Snoring & Sleeping Apnea

Snoring is frequently caused by poor muscle tone in the tongue and throat. During sleep poor muscle tone allows the tongue is to relax fall backwards into the airway. When the tongue is too relaxed, it may restrict normal airflow and cause vibration of the soft palate, which results in snoring. Other causes of snoring includes: large tonsils and adenoids, enlargement of the neck tissues from being overweight, obstructed nasal airway and excessive length and swelling of the soft palate.

Many people who snore have a condition known as obstructive sleep apnea (OSA). OSA is characterized by breathing stoppage or pauses for 10 seconds or longer repeatedly during sleep. People with apnea may spend as much as half their sleep time with oxygen levels below normal. These periods of obstructed breathing can be accompanied by irregular heart beats, high blood pressure and may cause heart enlargement. People with OSA wake up tired and are sleepy much of the day. Driving can be a danger under these conditions. Lack of proper rest may cause personality changes and the person may have difficulty thinking and concentrating.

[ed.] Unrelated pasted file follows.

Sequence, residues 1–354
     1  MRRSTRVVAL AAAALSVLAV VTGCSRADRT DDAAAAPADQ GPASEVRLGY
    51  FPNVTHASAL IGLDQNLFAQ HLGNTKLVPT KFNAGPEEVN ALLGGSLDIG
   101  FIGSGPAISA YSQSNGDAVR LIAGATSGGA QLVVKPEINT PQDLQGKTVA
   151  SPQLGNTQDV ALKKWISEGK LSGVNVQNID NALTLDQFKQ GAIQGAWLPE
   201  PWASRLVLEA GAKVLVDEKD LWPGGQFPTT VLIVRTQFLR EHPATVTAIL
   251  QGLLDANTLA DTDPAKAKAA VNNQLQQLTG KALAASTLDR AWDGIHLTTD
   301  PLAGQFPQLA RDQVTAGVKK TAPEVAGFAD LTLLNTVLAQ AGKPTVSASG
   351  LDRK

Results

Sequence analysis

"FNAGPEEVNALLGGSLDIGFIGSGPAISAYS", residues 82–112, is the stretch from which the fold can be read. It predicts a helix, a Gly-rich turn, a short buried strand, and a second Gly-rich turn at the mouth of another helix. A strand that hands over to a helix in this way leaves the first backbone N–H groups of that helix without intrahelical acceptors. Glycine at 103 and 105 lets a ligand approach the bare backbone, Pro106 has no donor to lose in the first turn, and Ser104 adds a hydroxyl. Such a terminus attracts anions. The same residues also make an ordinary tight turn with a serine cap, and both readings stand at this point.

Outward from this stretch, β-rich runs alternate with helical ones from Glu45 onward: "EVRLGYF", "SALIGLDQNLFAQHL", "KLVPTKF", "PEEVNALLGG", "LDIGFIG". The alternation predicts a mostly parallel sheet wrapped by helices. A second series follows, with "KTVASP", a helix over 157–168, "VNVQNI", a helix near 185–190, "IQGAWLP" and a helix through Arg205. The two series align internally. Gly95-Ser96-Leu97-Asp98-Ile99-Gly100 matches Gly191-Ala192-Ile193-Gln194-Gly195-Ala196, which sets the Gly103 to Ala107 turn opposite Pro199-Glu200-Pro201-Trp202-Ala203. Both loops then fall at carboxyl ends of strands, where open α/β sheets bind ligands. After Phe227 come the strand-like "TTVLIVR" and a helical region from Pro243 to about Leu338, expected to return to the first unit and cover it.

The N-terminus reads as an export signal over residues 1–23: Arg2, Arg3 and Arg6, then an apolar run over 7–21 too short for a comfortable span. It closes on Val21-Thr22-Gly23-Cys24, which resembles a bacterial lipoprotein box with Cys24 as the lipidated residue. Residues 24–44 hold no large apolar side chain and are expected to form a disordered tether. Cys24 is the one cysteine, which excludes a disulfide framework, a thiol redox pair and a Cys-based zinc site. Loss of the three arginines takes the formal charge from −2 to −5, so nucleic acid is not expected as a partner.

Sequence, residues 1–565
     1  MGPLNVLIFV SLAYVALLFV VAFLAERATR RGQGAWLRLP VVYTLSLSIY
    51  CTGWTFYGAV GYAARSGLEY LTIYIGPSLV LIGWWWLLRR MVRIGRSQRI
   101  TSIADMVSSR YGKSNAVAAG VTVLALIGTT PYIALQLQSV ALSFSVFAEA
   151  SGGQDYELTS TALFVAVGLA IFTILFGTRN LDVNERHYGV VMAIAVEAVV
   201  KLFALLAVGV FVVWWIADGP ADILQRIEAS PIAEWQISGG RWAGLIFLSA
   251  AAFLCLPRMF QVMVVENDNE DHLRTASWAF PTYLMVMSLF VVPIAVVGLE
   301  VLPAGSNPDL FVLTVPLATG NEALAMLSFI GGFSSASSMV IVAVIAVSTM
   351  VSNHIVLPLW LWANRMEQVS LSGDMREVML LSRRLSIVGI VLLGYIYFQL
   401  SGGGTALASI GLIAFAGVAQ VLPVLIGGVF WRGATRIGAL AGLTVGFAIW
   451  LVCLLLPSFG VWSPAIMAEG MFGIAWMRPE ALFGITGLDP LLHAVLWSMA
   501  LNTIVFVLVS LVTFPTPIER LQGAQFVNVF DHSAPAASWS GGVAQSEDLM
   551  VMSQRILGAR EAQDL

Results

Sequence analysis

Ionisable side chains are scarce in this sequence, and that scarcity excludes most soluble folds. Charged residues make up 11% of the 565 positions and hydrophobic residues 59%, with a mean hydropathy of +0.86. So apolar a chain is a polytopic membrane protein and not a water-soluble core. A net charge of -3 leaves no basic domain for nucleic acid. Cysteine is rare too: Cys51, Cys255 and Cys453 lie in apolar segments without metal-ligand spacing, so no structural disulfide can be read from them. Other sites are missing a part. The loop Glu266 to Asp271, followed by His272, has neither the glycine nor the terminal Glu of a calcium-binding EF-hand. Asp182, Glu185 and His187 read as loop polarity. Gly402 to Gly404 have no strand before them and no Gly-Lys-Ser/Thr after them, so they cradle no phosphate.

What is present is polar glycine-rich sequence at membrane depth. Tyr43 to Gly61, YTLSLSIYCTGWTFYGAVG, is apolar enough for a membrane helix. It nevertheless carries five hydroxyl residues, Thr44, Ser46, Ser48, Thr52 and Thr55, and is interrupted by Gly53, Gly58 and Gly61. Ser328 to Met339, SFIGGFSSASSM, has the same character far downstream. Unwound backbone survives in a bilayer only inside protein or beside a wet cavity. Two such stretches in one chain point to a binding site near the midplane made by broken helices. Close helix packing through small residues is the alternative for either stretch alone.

Ask Dr. Rose Miranda-Lesniak
for advice if you suspect you have sleep apnea.